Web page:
FBI: Every 2 to 3 Days a New Large Scale Breach

Posted May 27, 2015

Acting Assistant Director of the FBI’s Cyber Division Says Frequency of Breaches Surged from Weeks to Just Days

Unless they’ve never been online, watched TV, listened to radio or read a newspaper, there’s hardly a person over the age of ten (okay maybe five) who needs the FBI to explain that major breaches are happening all the time. However, it does take the FBI to put the frequency of those breaches in perspective.

James Trainor, acting assistant director of the FBI’s Cyber Division, speaking at an event hosted by Microsoft, observed that new, large-scale breaches occurred every two or three weeks. “Now,” said Trainor, “it is close to every two to three days.” Trainor added, “Those types of events, whether they concern a national security threat actor or a criminal actor, are ones we see on a much more regular basis.”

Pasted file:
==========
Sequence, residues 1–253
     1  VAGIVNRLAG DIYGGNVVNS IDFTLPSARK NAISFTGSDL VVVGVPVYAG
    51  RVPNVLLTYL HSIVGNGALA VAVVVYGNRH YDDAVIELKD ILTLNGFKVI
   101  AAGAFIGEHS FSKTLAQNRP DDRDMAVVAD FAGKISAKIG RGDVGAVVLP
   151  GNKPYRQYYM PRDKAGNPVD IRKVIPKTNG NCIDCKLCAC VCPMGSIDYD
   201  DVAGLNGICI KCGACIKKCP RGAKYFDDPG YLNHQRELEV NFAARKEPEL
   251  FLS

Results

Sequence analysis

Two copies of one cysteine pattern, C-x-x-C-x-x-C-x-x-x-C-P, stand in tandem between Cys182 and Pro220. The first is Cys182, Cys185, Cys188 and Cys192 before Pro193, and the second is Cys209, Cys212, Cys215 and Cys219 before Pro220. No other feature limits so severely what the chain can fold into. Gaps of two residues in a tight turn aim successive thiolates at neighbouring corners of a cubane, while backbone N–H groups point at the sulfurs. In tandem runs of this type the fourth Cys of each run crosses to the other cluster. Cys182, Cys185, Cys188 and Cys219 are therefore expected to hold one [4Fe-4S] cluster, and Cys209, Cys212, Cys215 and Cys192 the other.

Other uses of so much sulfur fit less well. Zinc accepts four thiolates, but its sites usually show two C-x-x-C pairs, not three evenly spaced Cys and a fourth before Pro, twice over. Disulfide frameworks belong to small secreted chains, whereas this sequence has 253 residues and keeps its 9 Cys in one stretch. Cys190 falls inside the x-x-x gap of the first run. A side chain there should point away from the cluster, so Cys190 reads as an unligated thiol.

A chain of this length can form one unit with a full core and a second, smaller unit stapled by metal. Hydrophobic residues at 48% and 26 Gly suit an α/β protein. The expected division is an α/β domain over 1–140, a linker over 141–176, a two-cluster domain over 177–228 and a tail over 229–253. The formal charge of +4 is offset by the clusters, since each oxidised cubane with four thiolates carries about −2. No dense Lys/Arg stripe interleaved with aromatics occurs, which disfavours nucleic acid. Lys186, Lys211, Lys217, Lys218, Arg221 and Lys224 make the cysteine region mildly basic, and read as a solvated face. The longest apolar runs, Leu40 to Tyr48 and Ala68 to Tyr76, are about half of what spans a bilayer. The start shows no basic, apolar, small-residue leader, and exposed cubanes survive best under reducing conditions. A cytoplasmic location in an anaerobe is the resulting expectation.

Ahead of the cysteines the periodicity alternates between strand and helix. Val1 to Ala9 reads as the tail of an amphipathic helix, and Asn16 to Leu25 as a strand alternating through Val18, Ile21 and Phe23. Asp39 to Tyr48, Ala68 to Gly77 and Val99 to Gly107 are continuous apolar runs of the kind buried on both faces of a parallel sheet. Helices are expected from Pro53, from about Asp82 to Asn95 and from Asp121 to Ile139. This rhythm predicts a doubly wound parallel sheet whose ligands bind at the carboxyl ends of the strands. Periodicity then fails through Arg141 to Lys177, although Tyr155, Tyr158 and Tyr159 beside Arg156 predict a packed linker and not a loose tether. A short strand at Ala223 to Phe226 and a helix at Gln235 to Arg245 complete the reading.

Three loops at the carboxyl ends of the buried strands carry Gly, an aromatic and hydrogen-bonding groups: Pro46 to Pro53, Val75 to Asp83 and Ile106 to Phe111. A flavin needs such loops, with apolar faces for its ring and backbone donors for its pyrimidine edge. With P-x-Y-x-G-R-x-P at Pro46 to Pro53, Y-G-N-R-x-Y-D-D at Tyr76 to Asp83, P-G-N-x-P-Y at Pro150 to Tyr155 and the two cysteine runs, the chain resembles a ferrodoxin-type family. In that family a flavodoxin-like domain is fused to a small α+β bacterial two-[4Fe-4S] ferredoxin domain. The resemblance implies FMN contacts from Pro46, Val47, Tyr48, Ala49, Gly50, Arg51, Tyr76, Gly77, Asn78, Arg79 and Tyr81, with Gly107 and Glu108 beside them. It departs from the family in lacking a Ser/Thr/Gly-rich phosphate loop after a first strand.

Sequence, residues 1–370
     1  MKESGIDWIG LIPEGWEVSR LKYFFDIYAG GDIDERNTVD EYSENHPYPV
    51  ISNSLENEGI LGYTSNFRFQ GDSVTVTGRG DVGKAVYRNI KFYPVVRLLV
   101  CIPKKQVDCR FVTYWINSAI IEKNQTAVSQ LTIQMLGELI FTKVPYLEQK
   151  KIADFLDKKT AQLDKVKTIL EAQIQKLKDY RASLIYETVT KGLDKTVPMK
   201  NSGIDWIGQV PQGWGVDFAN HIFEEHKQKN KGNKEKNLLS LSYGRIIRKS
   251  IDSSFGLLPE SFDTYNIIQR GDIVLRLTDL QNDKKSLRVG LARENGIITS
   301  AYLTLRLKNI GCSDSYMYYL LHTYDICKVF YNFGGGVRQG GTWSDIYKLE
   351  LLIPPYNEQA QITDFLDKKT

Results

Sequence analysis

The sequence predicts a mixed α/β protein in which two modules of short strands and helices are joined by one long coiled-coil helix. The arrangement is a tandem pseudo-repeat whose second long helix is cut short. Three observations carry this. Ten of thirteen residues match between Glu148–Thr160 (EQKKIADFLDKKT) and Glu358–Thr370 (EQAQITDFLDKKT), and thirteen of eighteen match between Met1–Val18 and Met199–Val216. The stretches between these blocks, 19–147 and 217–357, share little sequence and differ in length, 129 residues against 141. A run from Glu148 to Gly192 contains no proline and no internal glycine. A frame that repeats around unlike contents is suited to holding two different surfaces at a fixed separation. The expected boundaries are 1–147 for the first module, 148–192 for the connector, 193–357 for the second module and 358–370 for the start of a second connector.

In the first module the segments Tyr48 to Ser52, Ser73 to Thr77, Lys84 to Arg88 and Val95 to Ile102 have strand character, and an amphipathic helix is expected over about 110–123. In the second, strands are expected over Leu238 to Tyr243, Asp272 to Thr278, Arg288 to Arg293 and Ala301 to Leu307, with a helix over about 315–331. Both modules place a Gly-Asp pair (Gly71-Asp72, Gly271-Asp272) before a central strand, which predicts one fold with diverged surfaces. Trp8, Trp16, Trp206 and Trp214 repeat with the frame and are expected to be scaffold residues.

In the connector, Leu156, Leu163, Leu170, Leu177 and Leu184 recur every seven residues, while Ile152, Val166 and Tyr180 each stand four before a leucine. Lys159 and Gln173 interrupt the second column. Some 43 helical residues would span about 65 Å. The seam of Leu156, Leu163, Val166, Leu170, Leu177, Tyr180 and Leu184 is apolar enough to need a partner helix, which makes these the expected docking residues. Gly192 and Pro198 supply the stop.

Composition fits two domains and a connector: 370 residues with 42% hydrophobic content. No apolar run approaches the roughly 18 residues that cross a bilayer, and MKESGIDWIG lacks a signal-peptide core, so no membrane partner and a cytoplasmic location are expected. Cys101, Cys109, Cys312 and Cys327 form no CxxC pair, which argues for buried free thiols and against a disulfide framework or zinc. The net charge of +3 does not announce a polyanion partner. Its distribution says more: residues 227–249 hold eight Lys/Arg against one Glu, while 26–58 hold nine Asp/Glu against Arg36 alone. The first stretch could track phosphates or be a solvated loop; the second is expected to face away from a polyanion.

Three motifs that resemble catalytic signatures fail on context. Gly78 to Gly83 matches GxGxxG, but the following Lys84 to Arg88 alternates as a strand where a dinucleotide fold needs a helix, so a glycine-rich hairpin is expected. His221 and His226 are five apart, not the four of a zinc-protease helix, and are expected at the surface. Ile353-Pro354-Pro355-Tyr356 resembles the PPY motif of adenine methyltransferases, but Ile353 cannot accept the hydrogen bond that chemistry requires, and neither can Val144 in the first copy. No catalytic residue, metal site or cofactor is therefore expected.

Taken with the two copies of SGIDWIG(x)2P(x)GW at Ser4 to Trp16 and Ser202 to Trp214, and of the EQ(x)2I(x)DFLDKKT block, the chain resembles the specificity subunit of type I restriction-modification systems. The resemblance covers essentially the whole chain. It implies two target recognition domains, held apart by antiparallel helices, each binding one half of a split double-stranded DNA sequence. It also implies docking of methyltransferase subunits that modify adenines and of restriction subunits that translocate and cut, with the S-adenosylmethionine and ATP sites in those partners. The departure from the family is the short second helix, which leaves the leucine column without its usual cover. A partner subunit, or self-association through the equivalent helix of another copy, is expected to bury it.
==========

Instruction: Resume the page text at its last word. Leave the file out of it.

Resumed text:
In an article on thehill.com, Elise Viebeck talks about how the FBI is positioning itself to fend off future attacks by working with businesses. The following has been excerpted from her piece and edited to fit our format. You may find the full article by clicking on this link.

Doubling or tripling the cybersecurity workforce

Trainor also said the cybersecurity industry needs to “double or triple” its workforce in order to keep up with hacking threats.

A top government priority

The remarks shed light on the FBI’s approach to investigating cyber crimes as online threats proliferate against U.S. businesses and government agencies.

Trainor, who called cybersecurity a “top priority” for FBI Director James Comey, said the agency has personnel embedded in embassies and law enforcement entities around the world.

An ally not a victim

The FBI treats breached companies “like a victim, not like they did something wrong” and tries to establish relationships prior to a cyberattack, he said.

As an example, he called the FBI’s relationship with Sony a “tremendous partnership” before and after the company was attacked last year.

“There were a lot of lessons learned from that in a very, very positive way,” he said.



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